Remembering Jacqueline Rodier
The legendary hostess made diners at her restaurants feel like visiting royalty and made many men, including George Clooney, swoon.
Jacqueline Rodier, who died in November at Johns Hopkins Hospital after surgery for liver disease, won’t soon be forgotten. “She was stunning, she was French, she was impeccably dressed, she was commanding, and she just disarmed people,” says Jeff Buben, owner of Vidalia and Bistro Bis. “She had an incredible charm and allure.”
Rodier once was the grande dame of Washington dining. She was hostess at L’Auberge Chez François when it was on DC’s Connecticut Avenue. In 1966, she opened her own place, Jacqueline’s, on Pennsylvania Avenue before moving to M Street, in the space that now belongs to Vidalia.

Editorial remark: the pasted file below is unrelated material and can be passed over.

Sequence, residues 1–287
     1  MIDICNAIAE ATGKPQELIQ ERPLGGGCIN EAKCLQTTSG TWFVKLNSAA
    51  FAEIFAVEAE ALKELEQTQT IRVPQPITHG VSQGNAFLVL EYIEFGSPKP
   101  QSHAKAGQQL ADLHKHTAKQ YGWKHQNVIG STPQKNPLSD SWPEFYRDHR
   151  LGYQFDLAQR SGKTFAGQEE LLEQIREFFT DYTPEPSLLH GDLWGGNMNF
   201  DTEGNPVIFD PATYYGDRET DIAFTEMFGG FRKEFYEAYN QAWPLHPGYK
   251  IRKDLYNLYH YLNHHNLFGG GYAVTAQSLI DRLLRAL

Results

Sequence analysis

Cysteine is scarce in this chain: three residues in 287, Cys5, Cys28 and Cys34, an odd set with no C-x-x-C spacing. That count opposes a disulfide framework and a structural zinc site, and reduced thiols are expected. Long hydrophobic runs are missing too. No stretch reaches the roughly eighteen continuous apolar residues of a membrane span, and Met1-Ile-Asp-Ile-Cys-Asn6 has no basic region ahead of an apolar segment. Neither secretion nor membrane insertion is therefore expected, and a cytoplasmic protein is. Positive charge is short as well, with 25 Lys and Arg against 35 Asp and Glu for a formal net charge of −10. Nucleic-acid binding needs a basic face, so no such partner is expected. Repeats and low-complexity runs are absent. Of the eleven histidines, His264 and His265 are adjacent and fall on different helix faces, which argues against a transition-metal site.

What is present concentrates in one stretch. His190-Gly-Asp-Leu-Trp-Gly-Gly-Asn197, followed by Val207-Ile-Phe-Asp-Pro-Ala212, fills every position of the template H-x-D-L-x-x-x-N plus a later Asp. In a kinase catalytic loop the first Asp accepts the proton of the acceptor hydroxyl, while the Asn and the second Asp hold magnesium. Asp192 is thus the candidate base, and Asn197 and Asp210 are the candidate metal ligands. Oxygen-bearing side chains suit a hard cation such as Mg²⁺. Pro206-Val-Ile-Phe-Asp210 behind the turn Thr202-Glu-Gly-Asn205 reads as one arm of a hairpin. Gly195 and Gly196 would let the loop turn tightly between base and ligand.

Rodier was elegant, with high cheekbones and a grand, almost imperious manner that let you know you were in the presence of someone formidable. She was a pioneer, too—a single mother who ran one of the city’s most successful restaurants.
“There was nobody like her in the city, or in the country,” says Buben, who worked as an interim sous chef at Jacqueline’s. “You had Alice Waters, okay. But I don’t know of any other woman who did what Jacqueline did—a French woman who broke from that whole French parochial idea of who runs a restaurant. And she was doing it 20 years before it became hip.”
Even in her seventies, Rodier’s charms weren’t diminished.
“The last time I saw her, she was here in the restaurant,” recalls Robert Wiedmaier, chef and proprietor of Marcel’s. “George Clooney and I were sitting with her, drinking and smoking cigars. Jacqueline loved cigars. And she loved Cognac. I turned to her and said, ‘If this were 30 years ago, you’d be mine.’ And Clooney says, ‘No, Robert, she’d be mine.’ And writes it down on a napkin: to Jacqueline, you would be mine, not Robert’s.”